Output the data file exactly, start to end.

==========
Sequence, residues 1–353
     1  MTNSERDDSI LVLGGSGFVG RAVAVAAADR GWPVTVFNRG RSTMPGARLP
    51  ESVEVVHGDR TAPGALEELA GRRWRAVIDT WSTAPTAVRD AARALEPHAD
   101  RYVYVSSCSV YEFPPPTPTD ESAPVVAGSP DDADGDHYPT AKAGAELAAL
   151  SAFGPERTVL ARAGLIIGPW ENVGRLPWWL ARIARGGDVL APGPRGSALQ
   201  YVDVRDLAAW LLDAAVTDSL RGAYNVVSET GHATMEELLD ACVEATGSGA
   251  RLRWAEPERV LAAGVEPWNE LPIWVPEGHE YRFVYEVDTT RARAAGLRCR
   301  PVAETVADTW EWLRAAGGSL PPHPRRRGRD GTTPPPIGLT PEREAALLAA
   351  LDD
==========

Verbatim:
Sequence, residues 1–353
     1  MTNSERDDSI LVLGGSGFVG RAVAVAAADR GWPVTVFNRG RSTMPGARLP
    51  ESVEVVHGDR TAPGALEELA GRRWRAVIDT WSTAPTAVRD AARALEPHAD
   101  RYVYVSSCSV YEFPPPTPTD ESAPVVAGSP DDADGDHYPT AKAGAELAAL
   151  SAFGPERTVL ARAGLIIGPW ENVGRLPWWL ARIARGGDVL APGPRGSALQ
   201  YVDVRDLAAW LLDAAVTDSL RGAYNVVSET GHATMEELLD ACVEATGSGA
   251  RLRWAEPERV LAAGVEPWNE LPIWVPEGHE YRFVYEVDTT RARAAGLRCR
   301  PVAETVADTW EWLRAAGGSL PPHPRRRGRD GTTPPPIGLT PEREAALLAA
   351  LDD